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tv   Washington Journal  CSPAN  November 13, 2016 7:00am-10:01am EST

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republican party. and later, a look at how the international community is reacting to donald trump becoming the next u.s. president. we are joined by the ceo and editor of foreign policy magazine. host: good morning as america continues to assess the results from last tuesday's election, congress returning to work for a lame-duck session that will continue into mid-december. a number of key agenda items first and foremost, agreeing on a spending plan. meanwhile, expect the first wave of announcements mike donald trump. -- by donald trump. he will likely announce a chief of staff as early as tomorrow. it is sunday morning, november 13. our question this morning, how can america unite under president-elect donald trump?
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our phone lines are open. you can send us a tweet and join us on facebook. thank you very much for being with us. the front page today of the "washington post"," this is the headlie. nowhere did his candidacy inspire more trepidation or alarm than in the national security community inhabited by the republicans who denounce their party nominee as dangerously unfit to be commander-in-chief.
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this is a quote from charles allen who served five decades in the cia. meanwhile, the hill newspapers are reporting this morning that that lauraraham -- ingraham is considered for press secretary. laura ingraham under serious consideration for the position in donald trump's white house. he appreciated her loyalty through the campaign. a former white-collar defense attorney at law clerk, she theed trump with th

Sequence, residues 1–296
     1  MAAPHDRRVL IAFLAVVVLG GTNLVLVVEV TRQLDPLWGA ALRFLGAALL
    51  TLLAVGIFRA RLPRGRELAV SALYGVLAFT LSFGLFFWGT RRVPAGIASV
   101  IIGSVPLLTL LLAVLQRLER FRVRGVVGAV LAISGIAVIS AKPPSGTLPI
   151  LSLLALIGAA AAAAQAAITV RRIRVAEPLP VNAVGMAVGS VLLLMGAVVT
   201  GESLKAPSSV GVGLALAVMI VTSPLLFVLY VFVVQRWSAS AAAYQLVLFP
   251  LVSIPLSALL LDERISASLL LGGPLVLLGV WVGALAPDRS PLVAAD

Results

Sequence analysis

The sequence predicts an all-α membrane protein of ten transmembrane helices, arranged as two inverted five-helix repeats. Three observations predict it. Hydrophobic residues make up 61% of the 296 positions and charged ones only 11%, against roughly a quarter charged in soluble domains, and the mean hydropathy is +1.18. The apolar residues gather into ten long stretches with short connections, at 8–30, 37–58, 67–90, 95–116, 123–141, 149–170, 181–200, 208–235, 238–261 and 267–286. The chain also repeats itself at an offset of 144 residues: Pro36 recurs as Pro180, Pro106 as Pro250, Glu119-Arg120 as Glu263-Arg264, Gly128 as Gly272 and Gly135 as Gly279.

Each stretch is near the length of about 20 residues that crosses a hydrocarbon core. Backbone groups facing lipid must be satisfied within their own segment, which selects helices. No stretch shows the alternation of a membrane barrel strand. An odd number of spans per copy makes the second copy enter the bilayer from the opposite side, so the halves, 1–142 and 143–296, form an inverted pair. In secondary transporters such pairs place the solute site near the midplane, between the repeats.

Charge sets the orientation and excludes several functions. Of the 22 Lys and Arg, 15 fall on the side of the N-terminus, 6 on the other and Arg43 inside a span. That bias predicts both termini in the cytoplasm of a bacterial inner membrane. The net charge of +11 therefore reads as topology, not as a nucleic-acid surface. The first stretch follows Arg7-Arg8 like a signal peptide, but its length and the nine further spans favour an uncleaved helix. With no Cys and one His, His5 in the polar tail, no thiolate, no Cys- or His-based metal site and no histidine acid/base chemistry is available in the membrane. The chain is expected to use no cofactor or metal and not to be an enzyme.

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interpretation and offered strategic advice with the possible exception of and coulter and sean hannity, nobody did more. the rnc chair under consideration to be the next white house chief of staff. the announcement could come as early as tomorrow. the trump team looking at a victory lap tour, traveling around the country. another night of protests, including in portland, oregon. inst, let us hear from bob pennsylvania, a state that flipped from democrat to republican. good morning. caller: hi. i flipped personally. i was a registered democrat. years earlier, i was a registered libertarian. i became a trump supporter. host: why?
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caller: i believe the rule of law is important. i believe hillary clinton had broken the rule of law several times with the foundation and the e-mails and such. we cannot start a presidency with the candidate. should try to reconcile or join forces with the other side. this is a mandate from the people. i can see mr. trump trying to do that already and going soft on some of his promises he made to his core supporters. possibly letting hillary off scott free here. the investigation should go its course. if she deserves to be indicted, that should happen to her. host: thank you for the call. the president-elect also minutes" on cbs's "60
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indicating he will use twitter, although not desperatel as freq. speaking of pennsylvania, this is a story inside the "new york times." basket undone by job loss. driverneighborhood, a swerved onto the front lawn of a home betty and jared huffman to mow down there clinton sign. tears in fear of potentially losing her coverage if obamacare was revealed. -- repealed.
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the story how eerie, pennsylvania, withent red. ron insect collecting, california, republican line. good morning. san clemente, california, republican line. caller: it is the greatest thing. i have been watching c-span for how many years, and you were a small boy when i first got onto this thing. great honor to speak with you. how does this guy trump unite us? i don't think he does. it crosses all the party lines.